Britain's BP oil company seems to be coming under pressure in Russia's uncertain market, one week after it committed itself to the biggest investment in the country's history. While the gas monopoly Gazprom seeks a stake in one of BP's key holdings, the government is threatening to cancel its license for an east Siberian gas field that was planned to supply China.
Boston, 20 February 2003 (RFE/RL) -- A threat to revoke a license for one of Russia's biggest gas fields has raised concerns about pressure on Britain's BP oil company, only a week after it announced the largest investment in the country's history.
This week, the business daily "Vedomosti" reported that Natural Resources Minister Vitalii Artyukhov had ordered proceedings to cancel a license for developing the giant Kovykta gas field in the Irkutsk region. The license is held by the Rusia Petroleum consortium, which is led by BP.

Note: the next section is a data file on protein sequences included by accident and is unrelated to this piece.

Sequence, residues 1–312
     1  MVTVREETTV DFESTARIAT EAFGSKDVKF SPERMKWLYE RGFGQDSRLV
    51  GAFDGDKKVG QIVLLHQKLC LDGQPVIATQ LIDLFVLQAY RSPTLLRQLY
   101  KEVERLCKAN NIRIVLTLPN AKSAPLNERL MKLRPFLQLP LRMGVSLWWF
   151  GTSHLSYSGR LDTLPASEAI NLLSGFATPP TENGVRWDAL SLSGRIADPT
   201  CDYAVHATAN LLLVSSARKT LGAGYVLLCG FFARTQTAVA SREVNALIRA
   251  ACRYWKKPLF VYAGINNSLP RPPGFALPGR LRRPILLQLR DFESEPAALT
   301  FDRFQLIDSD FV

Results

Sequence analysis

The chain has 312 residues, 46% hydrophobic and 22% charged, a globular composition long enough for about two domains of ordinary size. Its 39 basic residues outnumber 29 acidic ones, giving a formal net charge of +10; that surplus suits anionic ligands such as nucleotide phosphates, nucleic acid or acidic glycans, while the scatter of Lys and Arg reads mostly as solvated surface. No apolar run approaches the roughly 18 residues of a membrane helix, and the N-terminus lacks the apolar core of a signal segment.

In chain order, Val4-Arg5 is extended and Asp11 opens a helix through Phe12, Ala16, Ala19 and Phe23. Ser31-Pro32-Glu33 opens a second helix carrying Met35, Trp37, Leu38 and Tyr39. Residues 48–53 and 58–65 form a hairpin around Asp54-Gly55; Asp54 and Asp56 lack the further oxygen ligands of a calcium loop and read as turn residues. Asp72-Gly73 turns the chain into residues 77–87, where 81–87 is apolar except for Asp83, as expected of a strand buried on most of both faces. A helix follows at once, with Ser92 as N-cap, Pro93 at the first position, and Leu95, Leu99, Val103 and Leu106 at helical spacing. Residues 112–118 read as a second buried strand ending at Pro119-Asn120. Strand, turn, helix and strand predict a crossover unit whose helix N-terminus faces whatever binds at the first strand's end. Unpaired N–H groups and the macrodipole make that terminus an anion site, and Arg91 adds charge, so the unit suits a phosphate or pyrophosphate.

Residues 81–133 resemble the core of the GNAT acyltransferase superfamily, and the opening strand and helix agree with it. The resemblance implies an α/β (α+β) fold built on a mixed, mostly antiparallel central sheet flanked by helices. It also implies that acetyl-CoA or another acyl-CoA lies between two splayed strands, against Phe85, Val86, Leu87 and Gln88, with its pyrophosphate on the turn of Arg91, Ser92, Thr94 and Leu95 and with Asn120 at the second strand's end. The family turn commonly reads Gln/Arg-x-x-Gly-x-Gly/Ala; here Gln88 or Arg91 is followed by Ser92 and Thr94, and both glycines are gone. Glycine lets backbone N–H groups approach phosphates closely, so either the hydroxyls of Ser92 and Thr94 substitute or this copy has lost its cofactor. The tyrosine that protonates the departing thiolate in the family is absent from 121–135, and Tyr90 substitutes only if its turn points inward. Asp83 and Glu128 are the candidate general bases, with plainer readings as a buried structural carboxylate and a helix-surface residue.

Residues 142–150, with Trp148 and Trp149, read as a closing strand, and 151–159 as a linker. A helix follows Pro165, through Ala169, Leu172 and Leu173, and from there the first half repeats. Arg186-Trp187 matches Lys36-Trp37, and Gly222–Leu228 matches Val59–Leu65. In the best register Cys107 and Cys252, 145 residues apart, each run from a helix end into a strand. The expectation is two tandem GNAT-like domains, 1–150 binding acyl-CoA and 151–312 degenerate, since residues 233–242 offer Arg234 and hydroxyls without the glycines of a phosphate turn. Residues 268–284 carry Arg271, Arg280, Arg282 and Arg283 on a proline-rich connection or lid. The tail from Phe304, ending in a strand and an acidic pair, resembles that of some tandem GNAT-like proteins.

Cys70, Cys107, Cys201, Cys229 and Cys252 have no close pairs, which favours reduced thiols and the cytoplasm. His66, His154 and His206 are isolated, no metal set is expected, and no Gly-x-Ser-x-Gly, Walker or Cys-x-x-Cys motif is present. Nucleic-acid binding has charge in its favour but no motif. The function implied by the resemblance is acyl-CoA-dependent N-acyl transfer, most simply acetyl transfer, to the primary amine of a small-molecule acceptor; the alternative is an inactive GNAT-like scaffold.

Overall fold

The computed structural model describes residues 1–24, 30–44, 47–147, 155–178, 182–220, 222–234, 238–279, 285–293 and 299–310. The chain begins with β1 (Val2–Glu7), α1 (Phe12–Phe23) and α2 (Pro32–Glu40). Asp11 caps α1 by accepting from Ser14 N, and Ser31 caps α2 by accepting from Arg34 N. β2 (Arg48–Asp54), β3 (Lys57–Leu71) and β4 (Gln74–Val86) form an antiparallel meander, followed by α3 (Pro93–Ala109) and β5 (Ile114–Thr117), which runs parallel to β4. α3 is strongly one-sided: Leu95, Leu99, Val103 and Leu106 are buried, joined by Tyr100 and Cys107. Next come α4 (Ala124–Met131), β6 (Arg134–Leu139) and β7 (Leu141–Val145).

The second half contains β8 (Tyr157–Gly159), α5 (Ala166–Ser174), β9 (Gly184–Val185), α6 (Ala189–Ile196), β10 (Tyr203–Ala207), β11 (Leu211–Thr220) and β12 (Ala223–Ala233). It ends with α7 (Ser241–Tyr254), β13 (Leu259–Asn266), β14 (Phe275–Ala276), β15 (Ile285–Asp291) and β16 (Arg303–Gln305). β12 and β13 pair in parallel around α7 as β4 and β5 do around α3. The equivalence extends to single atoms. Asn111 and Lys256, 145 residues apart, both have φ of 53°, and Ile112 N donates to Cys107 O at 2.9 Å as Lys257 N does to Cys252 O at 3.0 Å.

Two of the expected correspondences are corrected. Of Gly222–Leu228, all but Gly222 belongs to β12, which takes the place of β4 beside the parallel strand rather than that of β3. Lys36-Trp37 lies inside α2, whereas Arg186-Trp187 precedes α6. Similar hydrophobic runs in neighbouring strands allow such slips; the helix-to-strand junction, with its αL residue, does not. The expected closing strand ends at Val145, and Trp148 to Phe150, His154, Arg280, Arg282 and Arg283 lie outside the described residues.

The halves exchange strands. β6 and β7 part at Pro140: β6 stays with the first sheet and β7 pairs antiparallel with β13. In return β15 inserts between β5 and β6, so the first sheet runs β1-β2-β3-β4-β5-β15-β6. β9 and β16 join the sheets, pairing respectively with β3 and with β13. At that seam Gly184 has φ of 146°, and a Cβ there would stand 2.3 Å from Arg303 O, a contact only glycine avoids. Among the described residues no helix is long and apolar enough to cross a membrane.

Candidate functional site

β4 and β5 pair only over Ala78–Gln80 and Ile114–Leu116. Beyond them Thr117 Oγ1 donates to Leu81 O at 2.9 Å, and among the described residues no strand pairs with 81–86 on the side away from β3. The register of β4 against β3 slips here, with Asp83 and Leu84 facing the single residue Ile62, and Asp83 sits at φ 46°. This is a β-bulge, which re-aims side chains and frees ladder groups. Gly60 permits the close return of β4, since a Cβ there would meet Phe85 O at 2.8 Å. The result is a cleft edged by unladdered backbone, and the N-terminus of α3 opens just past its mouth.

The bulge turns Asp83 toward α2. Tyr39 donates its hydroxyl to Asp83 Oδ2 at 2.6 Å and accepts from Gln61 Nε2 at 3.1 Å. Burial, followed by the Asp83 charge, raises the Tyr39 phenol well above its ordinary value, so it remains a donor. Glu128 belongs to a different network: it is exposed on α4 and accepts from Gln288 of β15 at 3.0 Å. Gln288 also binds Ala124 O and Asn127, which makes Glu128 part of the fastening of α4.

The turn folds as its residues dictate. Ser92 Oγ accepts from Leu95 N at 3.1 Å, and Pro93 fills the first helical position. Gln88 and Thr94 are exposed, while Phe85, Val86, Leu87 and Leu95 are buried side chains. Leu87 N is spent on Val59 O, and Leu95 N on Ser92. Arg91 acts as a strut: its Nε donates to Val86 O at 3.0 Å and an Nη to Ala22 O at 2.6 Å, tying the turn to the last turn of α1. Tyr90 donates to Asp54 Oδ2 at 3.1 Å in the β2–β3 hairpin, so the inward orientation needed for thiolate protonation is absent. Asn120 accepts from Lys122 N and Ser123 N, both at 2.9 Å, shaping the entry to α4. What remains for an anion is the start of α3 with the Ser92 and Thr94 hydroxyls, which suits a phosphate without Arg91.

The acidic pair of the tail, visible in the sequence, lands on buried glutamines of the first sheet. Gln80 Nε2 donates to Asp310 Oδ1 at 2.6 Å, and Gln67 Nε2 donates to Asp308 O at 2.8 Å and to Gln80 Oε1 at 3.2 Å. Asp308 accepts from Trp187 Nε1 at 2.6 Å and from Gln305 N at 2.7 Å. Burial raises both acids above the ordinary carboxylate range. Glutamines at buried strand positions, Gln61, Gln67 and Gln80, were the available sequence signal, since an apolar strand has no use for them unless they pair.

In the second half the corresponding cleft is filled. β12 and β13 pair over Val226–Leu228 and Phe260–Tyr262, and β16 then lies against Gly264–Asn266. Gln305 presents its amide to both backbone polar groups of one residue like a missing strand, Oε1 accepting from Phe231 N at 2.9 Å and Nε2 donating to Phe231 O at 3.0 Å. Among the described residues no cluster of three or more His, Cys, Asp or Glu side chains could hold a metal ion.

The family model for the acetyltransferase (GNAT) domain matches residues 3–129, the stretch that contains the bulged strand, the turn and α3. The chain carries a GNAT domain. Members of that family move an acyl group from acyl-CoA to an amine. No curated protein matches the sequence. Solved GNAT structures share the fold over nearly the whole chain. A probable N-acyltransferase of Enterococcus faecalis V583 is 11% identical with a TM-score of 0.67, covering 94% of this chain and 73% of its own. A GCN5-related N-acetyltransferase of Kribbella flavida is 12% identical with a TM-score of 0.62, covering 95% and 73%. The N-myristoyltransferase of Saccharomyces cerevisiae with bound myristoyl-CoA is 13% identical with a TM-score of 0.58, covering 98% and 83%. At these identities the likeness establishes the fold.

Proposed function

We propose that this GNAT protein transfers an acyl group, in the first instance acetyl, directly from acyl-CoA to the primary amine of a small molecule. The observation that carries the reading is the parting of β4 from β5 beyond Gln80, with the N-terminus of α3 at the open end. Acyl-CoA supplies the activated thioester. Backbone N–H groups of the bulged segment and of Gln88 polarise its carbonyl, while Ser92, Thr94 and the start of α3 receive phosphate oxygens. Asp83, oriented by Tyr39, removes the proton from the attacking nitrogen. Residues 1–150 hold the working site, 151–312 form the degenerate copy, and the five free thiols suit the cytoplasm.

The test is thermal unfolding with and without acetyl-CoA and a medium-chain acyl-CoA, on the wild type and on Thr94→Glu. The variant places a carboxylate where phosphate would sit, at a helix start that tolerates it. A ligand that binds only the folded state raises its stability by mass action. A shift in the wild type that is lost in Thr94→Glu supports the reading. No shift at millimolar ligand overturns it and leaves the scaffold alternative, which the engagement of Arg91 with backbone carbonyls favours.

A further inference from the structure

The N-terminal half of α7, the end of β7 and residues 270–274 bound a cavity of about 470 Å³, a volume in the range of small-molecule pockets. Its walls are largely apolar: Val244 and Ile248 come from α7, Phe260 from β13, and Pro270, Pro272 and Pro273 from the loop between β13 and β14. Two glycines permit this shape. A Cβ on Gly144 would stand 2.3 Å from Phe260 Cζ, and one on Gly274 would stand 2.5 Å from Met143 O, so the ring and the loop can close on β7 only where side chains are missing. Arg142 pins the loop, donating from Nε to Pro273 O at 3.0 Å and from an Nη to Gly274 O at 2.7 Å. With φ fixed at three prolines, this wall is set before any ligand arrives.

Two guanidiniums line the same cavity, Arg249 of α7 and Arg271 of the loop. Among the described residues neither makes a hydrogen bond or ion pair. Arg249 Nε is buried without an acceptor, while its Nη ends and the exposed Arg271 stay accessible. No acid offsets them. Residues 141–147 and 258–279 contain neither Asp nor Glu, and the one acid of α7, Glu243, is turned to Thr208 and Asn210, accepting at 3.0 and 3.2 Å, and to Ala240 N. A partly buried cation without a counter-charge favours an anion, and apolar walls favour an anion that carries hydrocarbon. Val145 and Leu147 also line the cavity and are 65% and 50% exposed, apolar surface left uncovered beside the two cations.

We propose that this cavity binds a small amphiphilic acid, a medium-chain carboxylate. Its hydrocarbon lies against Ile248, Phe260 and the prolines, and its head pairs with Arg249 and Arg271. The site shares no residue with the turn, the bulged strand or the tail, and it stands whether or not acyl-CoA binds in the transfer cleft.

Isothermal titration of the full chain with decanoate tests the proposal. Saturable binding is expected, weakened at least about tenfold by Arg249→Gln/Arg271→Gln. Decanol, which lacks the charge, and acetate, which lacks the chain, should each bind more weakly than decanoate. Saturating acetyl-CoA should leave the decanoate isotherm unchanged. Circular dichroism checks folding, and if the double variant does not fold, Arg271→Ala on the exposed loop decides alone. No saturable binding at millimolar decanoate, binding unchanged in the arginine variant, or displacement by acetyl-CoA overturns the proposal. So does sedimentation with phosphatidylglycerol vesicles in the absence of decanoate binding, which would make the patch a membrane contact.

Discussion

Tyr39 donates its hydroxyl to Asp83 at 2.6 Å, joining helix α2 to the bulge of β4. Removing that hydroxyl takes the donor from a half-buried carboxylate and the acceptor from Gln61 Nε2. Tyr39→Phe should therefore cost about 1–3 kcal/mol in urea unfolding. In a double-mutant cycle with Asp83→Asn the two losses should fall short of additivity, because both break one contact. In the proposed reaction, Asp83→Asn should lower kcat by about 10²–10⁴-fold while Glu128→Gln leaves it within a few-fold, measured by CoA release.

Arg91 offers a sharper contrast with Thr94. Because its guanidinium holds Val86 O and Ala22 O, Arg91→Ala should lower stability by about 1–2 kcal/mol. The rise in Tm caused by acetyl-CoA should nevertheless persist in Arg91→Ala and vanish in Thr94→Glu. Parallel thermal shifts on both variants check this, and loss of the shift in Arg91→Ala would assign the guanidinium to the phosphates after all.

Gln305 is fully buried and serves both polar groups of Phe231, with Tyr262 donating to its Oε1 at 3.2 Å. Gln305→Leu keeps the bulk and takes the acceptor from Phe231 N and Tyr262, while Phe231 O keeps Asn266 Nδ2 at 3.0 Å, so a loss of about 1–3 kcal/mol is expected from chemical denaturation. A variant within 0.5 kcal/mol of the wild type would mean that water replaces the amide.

The reported move, on the grounds that Kovykta has not been developed as promised, follows on the heels of BP's preliminary agreement last week to invest $6.75 billion in Russia. BP plans to create a venture that combines its Russian holdings with those of Tyumen Oil Company (TNK), and its partner, Access-Renova, to form the country's third-ranked oil firm.
Normally such a blockbuster deal would be expected to open doors for BP in Russia. But the story suggests that it may only open the company up to new industry intrigues. The trouble may also chill some of last week's enthusiasm over the BP investment, which was hailed as the start of a "new era" for Russian business.
The "Vedomosti" report raised immediate suspicions of manipulation by the gas monopoly Gazprom, which has long sought a role in the Rusia consortium. The Kovykta field is seen as the most likely resource for supplying gas to the growing Chinese market to the south.
"The Moscow Times" quotes Rusia board member Sergei Aleksashenko, vice chairman of the Interros holding company, as saying, "Gazprom doesn't have any money. But it wants to get Rusia Petroleum for nothing. It wants to use its administrative resources. One way of doing this is by orchestrating the Natural Resources Ministry check."